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I lost one of my twins in the womb. ¬†My daughter is now 16 months old. I’ve been thinking what would be an appropriate age to tell her about her twin?


Hello, ¬†I am so sorry to hear of the loss of your baby. ¬†Nothing about losing a much-wanted child is easy. ¬†I suggest to parents that they talk about the sibling as early as possible. ¬†It is easier to begin with a young child then to try and break the news to a say, 14-year old who may be shocked to hear the information for the first time. ¬†Teenagers have growing up issues to deal with and learning the truth about their origins later in life can be mind-boggling. ¬†With a young child, the words are less important than with an older child and the parent gets chances to work through the way to deliver the news. When the truth is shared early on, the lost sibling is part of the fabric of who the survivor is vs them facing a completely different scenario at an older age and realizing that they are not who they thought they were. ¬†Even starting now is not to soon. ¬†“There should have been two of you. ¬†Your Dad and I miss your little brother/sister very much and wish whole-heartedly s/he could be here, with us.” And such. ¬†Short sentences, a few words as you also feel the ground for sharing. ¬†It will no doubt be difficult for you as well. ¬†

When your daughter begins to speak, she will eventually ask you questions. ¬†Use age-appropriate language when answering, be honest, try not to avoid the topic – it may come up when you don’t feel like talking about the subject, and expect the same questions over and over. ¬†This is how small children incorporate the idea of death. ¬†It is hard for them to understand what it means to die. ¬†Repetition helps. ¬†“S/he was too sick to stay with us and be a family on earth” ¬†is a gentle way to help her understand until she is older and better equipped for as much detail as you feel you can share. ¬†Be prepared to cry sometimes and that is OK. ¬†You can tell her you are glad to have her but not to have her brother/sister makes you feel sad. ¬†You are helping her learn that life is not always fair, there are loving people around her nevertheless and she is not to blame because he/she died. ¬†She may ask you at some point if the loss was her fault. ¬†It is not her fault, nor yours or her Dad’s. ¬†It was something sad that happened and you would change it if you could, but you can’t.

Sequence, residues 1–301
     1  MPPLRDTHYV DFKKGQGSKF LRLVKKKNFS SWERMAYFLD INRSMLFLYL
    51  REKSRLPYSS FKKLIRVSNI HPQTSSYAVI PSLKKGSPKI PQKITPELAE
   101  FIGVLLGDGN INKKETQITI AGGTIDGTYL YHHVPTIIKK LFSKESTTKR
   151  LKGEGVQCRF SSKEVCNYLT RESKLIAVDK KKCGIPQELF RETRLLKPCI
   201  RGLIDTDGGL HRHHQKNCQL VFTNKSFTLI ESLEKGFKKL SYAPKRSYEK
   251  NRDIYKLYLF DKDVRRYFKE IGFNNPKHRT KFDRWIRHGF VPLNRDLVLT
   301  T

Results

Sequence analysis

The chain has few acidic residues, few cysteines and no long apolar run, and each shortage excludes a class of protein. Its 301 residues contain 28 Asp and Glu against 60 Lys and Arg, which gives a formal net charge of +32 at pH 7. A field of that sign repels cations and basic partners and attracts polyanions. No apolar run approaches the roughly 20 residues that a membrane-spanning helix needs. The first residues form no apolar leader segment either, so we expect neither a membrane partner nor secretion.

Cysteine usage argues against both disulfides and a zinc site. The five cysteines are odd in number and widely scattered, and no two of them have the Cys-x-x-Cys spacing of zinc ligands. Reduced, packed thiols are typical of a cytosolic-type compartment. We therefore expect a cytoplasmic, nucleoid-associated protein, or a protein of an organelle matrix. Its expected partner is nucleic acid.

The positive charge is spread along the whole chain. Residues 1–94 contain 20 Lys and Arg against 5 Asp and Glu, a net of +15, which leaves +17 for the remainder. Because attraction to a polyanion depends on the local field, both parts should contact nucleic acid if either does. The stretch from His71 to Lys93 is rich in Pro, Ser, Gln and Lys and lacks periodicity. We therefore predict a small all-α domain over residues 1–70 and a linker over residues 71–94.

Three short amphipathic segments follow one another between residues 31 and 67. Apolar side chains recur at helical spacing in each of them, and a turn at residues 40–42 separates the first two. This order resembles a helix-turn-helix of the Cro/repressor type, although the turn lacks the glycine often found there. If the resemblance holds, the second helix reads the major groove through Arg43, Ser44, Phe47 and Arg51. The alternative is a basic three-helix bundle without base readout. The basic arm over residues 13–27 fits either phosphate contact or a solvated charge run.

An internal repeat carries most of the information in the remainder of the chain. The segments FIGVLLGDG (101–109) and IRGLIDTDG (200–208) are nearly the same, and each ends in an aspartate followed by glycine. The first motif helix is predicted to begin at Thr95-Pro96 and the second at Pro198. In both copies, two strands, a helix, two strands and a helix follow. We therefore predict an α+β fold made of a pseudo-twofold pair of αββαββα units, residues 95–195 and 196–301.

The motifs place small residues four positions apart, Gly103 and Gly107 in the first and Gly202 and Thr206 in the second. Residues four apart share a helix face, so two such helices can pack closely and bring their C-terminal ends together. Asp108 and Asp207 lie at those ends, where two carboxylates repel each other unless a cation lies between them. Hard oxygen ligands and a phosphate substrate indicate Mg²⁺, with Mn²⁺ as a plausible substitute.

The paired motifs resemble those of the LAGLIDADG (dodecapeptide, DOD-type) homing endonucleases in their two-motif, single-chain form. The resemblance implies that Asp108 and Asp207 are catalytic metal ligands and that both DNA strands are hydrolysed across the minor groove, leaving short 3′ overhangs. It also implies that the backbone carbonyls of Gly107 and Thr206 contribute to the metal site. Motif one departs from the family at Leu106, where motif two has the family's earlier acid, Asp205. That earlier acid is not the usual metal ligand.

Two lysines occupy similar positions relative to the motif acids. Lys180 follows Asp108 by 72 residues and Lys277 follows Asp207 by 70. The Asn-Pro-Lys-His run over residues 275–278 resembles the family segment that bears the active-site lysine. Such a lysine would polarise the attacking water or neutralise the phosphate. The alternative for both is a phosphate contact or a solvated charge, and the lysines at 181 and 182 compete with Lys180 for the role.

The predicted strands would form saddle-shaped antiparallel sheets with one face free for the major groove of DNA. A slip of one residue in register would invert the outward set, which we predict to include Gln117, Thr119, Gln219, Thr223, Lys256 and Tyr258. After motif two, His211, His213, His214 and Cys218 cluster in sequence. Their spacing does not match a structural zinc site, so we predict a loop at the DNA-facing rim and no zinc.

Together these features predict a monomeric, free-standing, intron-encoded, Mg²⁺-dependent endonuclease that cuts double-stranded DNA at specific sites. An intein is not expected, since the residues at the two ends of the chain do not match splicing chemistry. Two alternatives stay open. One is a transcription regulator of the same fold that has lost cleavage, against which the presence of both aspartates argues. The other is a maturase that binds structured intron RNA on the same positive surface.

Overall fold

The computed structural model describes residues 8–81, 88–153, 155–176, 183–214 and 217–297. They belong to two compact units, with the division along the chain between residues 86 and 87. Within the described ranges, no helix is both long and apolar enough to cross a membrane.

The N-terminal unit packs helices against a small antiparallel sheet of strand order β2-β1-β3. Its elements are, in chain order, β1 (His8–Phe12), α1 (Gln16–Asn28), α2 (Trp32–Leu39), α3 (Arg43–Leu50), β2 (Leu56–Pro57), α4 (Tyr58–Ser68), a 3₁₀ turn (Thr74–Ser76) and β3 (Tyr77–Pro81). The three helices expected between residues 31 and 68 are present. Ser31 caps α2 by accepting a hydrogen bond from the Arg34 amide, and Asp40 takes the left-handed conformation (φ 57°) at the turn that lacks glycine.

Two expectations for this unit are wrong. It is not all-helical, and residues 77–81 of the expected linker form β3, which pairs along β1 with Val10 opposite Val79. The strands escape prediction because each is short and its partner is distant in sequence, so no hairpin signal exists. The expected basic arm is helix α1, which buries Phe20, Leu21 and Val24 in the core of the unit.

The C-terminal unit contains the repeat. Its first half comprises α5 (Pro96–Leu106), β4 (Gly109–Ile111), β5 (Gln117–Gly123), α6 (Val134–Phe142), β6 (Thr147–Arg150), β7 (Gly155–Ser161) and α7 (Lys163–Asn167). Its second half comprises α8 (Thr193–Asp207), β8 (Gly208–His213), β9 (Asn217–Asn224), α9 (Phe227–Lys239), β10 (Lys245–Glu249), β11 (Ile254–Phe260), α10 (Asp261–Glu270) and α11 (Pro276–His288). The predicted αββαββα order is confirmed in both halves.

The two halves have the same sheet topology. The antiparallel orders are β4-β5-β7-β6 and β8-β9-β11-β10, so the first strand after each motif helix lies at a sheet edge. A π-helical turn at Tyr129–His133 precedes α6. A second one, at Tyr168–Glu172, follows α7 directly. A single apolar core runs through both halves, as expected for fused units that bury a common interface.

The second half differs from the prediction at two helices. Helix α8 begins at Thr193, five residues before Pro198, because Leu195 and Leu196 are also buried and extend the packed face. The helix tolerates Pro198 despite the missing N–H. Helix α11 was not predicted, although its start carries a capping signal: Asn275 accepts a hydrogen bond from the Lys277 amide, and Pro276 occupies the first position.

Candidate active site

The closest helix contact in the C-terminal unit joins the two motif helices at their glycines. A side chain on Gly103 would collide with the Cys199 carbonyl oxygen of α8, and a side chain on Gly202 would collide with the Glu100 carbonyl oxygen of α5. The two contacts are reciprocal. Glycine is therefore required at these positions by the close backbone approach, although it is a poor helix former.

I hope these are some helpful ideas.  Please accept my sincere condolences on your loss. Lynda

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Lynda speaks to reducing multiples on Canada’s CTV National News, 8th May, 2017: http://www.ctvnews.ca/health/study-links-fetal-reduction-in-multifetal-pregnancies-better-birth-outcomes-1.3403262

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My twin sister passed away 3 weeks ago and I am having such a hard time with her death. Can you suggest anything that may help me? ¬†My heart is broken, I don’t want to do anything but stay at home. ¬†I would appreciate any help you can give me. ¬†Thanks!


I am so sorry to hear of your loss. ¬†Of course you are having a hard time. ¬†Your sister’s death was only 3 weeks ago. ¬†We are not made to bounce right back in a short period after a loved one’s death. ¬†Please don’t expect too much from yourself. ¬†There is a group in the U.S. entitled Twinless Twins and you might find some solace in connecting with them. Once again, don’t expect to feel better immediately. ¬†Be gentle with yourself, give yourself time and expect to have highs and lows as you try to come to terms with losing this special person in your life. ¬†A grief counsellor who understands the unique twin bond may also be helpful. ¬†Your doctor may be able to refer you to someone in your area. ¬†Please accept my sincere condolences on your loss.

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“Losing a baby is hard. ¬†Remembering them shouldn’t have to be.”

I think this is an amazing idea: